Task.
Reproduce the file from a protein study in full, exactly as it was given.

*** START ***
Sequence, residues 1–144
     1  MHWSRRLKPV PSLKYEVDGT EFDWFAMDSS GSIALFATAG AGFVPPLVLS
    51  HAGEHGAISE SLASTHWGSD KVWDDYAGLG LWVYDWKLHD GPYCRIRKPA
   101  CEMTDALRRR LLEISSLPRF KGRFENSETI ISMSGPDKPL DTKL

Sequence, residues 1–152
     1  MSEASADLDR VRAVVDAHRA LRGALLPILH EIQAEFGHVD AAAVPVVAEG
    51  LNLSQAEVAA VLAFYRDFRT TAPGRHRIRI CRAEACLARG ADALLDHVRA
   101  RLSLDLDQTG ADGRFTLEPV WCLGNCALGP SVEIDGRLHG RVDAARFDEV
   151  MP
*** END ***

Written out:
Sequence, residues 1–144
     1  MHWSRRLKPV PSLKYEVDGT EFDWFAMDSS GSIALFATAG AGFVPPLVLS
    51  HAGEHGAISE SLASTHWGSD KVWDDYAGLG LWVYDWKLHD GPYCRIRKPA
   101  CEMTDALRRR LLEISSLPRF KGRFENSETI ISMSGPDKPL DTKL

Sequence, residues 1–152
     1  MSEASADLDR VRAVVDAHRA LRGALLPILH EIQAEFGHVD AAAVPVVAEG
    51  LNLSQAEVAA VLAFYRDFRT TAPGRHRIRI CRAEACLARG ADALLDHVRA
   101  RLSLDLDQTG ADGRFTLEPV WCLGNCALGP SVEIDGRLHG RVDAARFDEV
   151  MP